Monday, 31 January 2022

Flash500 Flash Fiction

A quarterly open-themed competition 

Closing dates 

31st March

30th June

30th September 

31st December  

The results will be announced approx six weeks after each closing date and the three winning entries each quarter will be published on their website.

Entry fee: £5 for one story, £8 for two stories

Optional critiques: £15 per story

Prizes awarded as follows:

First: £300

Second: £200

Third: £100

VISIT WEBSITE

Sunday, 30 January 2022

Whatever Happened to the Short Story?

Many people email me to ask about short story markets.

Where are they? And where have they all gone?

The market for magazine length (2000 to 5000 words) short stories has dwindled almost to vanishing point in the last fifty years.

Nowadays, unless you're already famous, you can't get short stories published at all it seems.

There's the New Yorker, a few SciFi monthlies - and the odd woman's magazine - where the competition is savagely fierce, and that's about it.

Basically, the short story market has crashed. The advent of our high speed, high tech world has left the short story on the platform, waving at the departing train of progress.

The short story has been replaced by newer markets like TV, movies, computer games and true life (ie reality) based magazine 'confessions.' All very sad. But is it?

Instead of bemoaning the death of the short story, writers need to adjust their worldview and move with the times.

Many writers are reluctant to attack the new markets. They regard TV, film and computer games as somehow beyond, or perhaps beneath them. Consequently, contrary to popular belief, these markets are remarkably, still crying out for writers.

Robyn and I are constantly amazed by TV, movie producers and computer game developers who are always complaining at seminars that they can't find enough writers!

It seems absurd when Robyn and I know literally thousands who are desperate for paid work - and yet won't move outside of their comfort zones of novels and their (unpublishable) short stories.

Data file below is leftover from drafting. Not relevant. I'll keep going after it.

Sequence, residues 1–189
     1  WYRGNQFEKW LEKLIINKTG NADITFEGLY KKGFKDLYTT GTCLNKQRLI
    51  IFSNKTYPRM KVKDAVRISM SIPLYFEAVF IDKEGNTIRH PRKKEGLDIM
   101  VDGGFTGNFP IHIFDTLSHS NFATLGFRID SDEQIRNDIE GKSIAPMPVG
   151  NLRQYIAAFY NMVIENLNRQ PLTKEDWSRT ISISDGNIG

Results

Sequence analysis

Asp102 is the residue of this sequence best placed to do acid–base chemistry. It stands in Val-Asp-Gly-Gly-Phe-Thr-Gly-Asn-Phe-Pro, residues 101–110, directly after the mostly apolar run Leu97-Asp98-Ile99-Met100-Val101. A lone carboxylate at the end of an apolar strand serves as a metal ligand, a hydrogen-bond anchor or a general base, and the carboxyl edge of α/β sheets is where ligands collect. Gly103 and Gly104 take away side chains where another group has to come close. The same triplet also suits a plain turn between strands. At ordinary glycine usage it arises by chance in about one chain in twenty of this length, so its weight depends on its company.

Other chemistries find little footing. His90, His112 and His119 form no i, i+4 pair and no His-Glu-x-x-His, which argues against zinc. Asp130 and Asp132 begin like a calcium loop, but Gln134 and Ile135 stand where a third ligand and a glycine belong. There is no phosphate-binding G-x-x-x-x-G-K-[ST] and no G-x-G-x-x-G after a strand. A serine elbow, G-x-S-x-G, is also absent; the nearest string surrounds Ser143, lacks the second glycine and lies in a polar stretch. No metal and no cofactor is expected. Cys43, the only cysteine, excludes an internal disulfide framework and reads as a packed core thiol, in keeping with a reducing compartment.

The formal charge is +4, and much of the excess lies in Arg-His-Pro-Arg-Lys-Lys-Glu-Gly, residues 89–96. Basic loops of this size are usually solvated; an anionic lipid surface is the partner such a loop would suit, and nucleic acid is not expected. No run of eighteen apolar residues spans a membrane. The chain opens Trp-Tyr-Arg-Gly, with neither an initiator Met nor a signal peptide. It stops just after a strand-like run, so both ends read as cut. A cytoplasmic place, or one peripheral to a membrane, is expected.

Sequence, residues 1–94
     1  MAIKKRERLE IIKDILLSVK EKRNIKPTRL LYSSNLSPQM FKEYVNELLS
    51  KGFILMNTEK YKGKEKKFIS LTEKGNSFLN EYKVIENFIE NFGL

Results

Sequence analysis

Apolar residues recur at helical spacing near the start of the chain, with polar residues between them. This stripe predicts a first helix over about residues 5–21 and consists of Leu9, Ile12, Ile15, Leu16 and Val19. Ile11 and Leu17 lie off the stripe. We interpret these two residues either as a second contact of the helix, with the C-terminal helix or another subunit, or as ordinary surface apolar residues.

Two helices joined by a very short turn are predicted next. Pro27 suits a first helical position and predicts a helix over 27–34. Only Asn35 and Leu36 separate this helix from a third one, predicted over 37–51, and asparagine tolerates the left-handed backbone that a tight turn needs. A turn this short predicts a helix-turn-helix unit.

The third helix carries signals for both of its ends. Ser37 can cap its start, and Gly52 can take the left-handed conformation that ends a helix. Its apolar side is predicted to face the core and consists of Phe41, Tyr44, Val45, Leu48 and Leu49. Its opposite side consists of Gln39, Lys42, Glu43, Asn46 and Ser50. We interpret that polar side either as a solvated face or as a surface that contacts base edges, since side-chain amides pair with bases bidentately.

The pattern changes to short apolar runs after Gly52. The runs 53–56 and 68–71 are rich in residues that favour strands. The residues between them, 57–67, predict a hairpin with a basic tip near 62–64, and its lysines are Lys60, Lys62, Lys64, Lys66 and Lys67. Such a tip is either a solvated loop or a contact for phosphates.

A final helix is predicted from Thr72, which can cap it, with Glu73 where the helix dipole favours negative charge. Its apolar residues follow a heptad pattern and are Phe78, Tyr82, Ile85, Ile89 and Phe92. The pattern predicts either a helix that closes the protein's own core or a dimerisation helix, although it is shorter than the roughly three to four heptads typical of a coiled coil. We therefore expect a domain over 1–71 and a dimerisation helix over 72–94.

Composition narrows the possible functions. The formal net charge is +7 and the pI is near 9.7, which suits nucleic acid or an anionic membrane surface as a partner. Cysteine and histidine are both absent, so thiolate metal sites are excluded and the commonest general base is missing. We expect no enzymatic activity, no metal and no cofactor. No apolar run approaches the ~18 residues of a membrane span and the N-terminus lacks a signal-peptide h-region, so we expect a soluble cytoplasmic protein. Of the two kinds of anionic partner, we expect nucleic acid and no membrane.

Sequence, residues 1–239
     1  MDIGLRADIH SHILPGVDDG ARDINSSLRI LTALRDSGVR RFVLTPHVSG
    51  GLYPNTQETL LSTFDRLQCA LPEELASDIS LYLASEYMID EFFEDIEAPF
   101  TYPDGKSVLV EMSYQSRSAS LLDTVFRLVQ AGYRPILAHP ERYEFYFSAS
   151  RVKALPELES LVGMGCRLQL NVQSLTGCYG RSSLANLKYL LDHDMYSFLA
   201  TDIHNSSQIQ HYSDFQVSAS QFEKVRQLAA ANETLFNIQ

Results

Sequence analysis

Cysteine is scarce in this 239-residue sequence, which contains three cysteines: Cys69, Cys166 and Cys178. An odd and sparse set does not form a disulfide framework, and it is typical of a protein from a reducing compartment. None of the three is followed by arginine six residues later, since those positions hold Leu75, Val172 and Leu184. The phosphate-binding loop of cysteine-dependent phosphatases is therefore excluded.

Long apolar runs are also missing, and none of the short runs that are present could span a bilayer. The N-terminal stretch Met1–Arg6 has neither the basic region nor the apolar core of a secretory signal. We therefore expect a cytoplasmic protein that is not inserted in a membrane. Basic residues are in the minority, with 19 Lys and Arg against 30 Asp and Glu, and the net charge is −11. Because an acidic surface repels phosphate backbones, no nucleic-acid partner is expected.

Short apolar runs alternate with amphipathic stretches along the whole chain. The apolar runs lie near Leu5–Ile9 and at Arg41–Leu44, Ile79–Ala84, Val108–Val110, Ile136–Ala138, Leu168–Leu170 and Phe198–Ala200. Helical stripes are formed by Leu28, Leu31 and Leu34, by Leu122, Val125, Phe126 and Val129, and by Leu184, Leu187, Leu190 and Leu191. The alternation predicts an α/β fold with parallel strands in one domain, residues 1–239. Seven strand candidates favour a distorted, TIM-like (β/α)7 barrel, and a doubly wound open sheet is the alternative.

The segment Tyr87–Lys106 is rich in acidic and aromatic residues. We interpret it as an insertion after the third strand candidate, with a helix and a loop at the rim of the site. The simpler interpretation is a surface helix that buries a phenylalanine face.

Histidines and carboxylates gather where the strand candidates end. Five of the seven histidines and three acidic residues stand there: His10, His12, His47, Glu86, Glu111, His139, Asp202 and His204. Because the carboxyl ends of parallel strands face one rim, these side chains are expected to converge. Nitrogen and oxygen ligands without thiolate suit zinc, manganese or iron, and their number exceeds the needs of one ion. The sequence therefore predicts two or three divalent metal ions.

Yes, there is still much demand for novels, if only because a good one can make millions. But the competition is ruthless. Your manuscripts have to brilliant AND flawless before you can get a look in to the novel market. It's a demanding genre because many writers have little inkling of just how good their novels need to be before they even think of sending them out...

Yes, writing for the screen is hard work too. Work being the active word. Writing you can expect to get paid for, alas, is work - and should be approached with that ethic. Even fiction.

Especially fiction.

Many new writers have this romantic idea that you can write fiction in your own space and time, send it out and it will be picked up as is.

Uh-uh. Those days are over.

Fiction is a business. Collaboration is the order of the day.

Rewriting, reworking and brutal editing are the norm - not just in TV and film, but also in novel writing - where the average bestseller is RE-written up to twenty or thirty times before it is deemed worthy of release to the public.

Fiction is no longer the author's sole domain. It is now often a committee led process. It has to be - to appeal to the broadest audience. 'Little things' like logic, structure, character motivation and believability have become so much more important.

One of the main reasons I put together "The Art of Story" is because, working in this industry, I'd noticed this trend coming.

That there is a right way to construct a story. It is no longer just an art. It is a science too. And the principles of creating suitable story beats, achieving adequate emotional involvement and exploiting the reader's willing suspension of disbelief can not only be quantified but also repeated and most importantly, can be taught.